General Motors Corp.'s Chevrolet Cavalier, dubbed a product failure by many auto critics and buyers upon its introduction in 1981, now ranks as the top-selling passenger car in the United States.

GM sold 371,836 Cavaliers in the 1984-model year, which ended Sept. 30. That performance knocked Ford Motor Co.'s subcompact Escort out of No. 1 U.S. sales slot. Escort finished second with 339,209 unit sales for 1984, according to figures provided by Detroit-based Ward's Automotive Research.

No import finished in the top 10 in U.S. sales in 1984. The Nissan Sentra came closest, capturing the 13th slot with 192,000 unit sales. The Honda Civic finished in 16th place with sales of 161,000 cars.

Japanese imports would have done much better had they not been restricted by the "voluntary" quotas that have limited the shipment of Japanese passenger cars, vans and station wagons to the United States since April 1981, according to auto industry analyst Arvid Jouppi.

"But it is uncertain how much Cavalier sales benefitted from the quotas," Jouppi said. He said GM should be given credit for improving the Cavalier's styling and performance since its original, lackluster introduction.

For example, GM replaced the Cavalier's anemic 1.8 liter engine with a peppier 2-liter model. Some improvements in the car's suspension also were made. The estimated mileage rating for a four-cylinder model with electronic fuel injection and automatic transmission is 25 miles per gallon in the city and 30 mpg on the highway.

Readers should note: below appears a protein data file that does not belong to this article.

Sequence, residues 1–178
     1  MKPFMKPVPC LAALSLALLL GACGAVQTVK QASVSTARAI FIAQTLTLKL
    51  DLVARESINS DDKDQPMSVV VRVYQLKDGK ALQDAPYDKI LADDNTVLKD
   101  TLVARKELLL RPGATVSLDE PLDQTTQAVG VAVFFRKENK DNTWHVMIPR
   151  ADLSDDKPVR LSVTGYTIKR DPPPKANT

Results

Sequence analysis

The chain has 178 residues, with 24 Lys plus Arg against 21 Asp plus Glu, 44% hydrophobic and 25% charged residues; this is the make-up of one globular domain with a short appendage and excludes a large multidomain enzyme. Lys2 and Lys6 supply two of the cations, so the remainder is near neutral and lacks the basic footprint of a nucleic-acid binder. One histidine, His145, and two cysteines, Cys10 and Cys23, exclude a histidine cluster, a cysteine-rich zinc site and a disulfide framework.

Ward's is predicting that the Cavalier will be the U.S. volume leader again in the 1985-model year with sales of 450,000 cars. However, Chevrolet spokesman Edward S. Lechtzin yesterday said his division expects to top the Ward's prediction by 50,000 units.

"Sales are a little soft right now because of the strike" by the United Auto Workers union that shut down 17 of GM's U.S. plants for one week last month, Lechtzin said. "But this car is selling across all age lines. We're getting young, affluent buyers as well as older buyers. We expect to sell 500,000 in the new model year," Lechtzin said.

The car's popularity will mean 1985 price increases of up to 4.2 percent over 1984 stickers, GM officials said yesterday.

For example, final 1984 sticker prices on the Cavalier ranged from $6,214 for a four-speed manual, four-cylinder, four-door sedan to $11,291 for a "fully loaded" Cavalier convertible. The list price spread on comparable 1985 models will range from $6,447 to $11,693.

However, GM officials said that the average price increase on their 1985 fleet will work out to about 2.3 percent, or $292 a car.

Other J cars include the Pontiac Sunbird (formerly the J-2000), Buick Skyhawk, Oldsmobile Firenza and Cadillac Cimarron.